by Andrew D. Schwartz, CPA, Founder of The MDTAXES Network

This year’s most interesting observation actually has more to do with next year’s taxes.  The tax software we use comes with a Tax Projection option, and I prepared a 2018 tax projection for many of the clients I met with during the winter to see how their taxes would change under the new rules that took effect on January 1st.

As far as I could tell, the healthcare professionals who are the biggest winners under the new tax rules are high-income married couples with children and with income ranging from $300k to about $500k.  Here is why:

  1. Child Tax Credit: Under the prior rules, families were eligible for a tax credit of $1k per child under the age of 17.  The problem was that this credit began to phase out once their income exceeded $110k.  The new child tax credit is $2k per child under the age of 17 and doesn’t begin to phase out for married couples until $400k of income.  Plus, there is a new $500 tax credit for older children and other dependents that also begin to phase out at $400k of income.


  1. State Income Taxes and Real Estate Taxes: As everyone is well aware, the deduction for state income taxes and real estate taxes is now capped at a combined total of $10k.  Most married couples who own a home or earn a good salary in a state that has an income tax will see their deduction capped.  That being said, this deduction was already being limited. For 2017, married couples whose income exceeded $313,800 were seeing this deduction phase out by 3% of the amount their income exceeded that threshold. And then, the dreaded Alternative Minimum Tax (AMT) eliminated any remaining tax benefit. What this means is that the $10k now allowed might actually allow for a higher tax break for high income taxpayers than they were receiving pre-2018.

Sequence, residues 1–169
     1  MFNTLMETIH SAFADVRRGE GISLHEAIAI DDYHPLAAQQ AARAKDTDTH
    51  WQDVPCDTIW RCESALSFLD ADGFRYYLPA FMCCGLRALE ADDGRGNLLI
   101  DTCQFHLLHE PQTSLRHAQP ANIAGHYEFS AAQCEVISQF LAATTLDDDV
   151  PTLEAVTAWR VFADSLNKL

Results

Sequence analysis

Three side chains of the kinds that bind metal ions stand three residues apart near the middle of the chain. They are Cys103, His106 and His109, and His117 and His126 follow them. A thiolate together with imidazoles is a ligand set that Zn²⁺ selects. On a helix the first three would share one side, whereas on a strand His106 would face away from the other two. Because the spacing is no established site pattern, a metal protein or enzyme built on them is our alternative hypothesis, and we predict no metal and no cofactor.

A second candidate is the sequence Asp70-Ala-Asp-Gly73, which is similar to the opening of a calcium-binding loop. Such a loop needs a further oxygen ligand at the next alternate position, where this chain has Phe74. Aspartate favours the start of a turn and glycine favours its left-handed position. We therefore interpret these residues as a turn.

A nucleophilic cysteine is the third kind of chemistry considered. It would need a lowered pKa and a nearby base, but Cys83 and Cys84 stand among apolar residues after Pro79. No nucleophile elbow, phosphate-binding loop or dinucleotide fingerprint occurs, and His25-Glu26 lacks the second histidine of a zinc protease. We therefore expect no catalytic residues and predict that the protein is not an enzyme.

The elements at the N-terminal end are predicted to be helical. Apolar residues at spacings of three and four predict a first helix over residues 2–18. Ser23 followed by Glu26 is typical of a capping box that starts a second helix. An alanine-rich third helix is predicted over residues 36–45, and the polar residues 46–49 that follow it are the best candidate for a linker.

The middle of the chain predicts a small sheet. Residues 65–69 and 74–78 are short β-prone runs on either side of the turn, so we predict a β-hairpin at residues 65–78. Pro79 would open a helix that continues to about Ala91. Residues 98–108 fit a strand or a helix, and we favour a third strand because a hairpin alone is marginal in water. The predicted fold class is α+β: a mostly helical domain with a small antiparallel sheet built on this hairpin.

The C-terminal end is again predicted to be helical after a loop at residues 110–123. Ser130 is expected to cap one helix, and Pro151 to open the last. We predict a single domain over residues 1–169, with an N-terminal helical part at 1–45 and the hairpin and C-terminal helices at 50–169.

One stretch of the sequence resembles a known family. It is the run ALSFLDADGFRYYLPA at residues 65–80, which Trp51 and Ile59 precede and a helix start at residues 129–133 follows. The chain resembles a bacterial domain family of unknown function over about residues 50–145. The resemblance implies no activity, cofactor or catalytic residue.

1. Personal Exemptions: The new tax rules eliminated the $4,050 tax break for yourself, your kids, and your other dependents.  This is no problem for high income taxpayers who were already not benefiting from their personal exemptions due to a combination of a similar phase-out threshold to itemized deductions, and then the AMT eliminating any remaining tax break for your personal exemptions.


  1. Alternative Minimum Tax (AMT): Looks like the dreaded AMT will affect very few taxpayers going forward.  Since married couples earning between $300k and $500k annually seemed to be the ones paying the highest amount of Alternative Minimum Tax each year, it stands to reason that they will benefit the most from changes made to this tax.


  1. Lower Tax Rates: A reduction in tax rates will reduce everyone’s taxes.  The higher your income, the greater your tax savings.


  1. The New Qualified Business Income Deduction: There is a new tax break equal to 20% of your self-employment income plus your share of “pass-through” income from S-Corps and LLCs.  This new tax break is fully phased out for healthcare professionals whose taxable income exceeds $415k if married (or $207,500 if single). Married couples with taxable income of less than $315k (or $157.5k for single individuals) will get the full benefit of this new 20% QBI tax break.


Get a Tax Projection:

The only way to determine how the new tax rules will impact you is to work through a tax projection.  Now that April 15th has come and gone, your CPA would love to hear from you to help you figure this out.  From what I’ve seen, if you are married and earn between $300k and $500k, your federal income taxes will be $10k-$20k lower this year than what you paid for federal income taxes in 2017.


Prior Year Trends:


More clients installed solar panels on their homes than all of the prior years combined


Increase in the number of clients choosing to allocate $3 of their tax liability to the Presidential Election Campaign Fund


More clients had energy efficient tax credits for purchasing solar panels, electric cars and even re-charging stations for those electric cars


A variety of tax hikes took hold causing higher taxes on lower income for high-income taxpayers


Uptick in the number of individuals taking advantage of Health Savings Accounts (HSA)


Record low interest rates meant many homeowners refinanced their home mortgages

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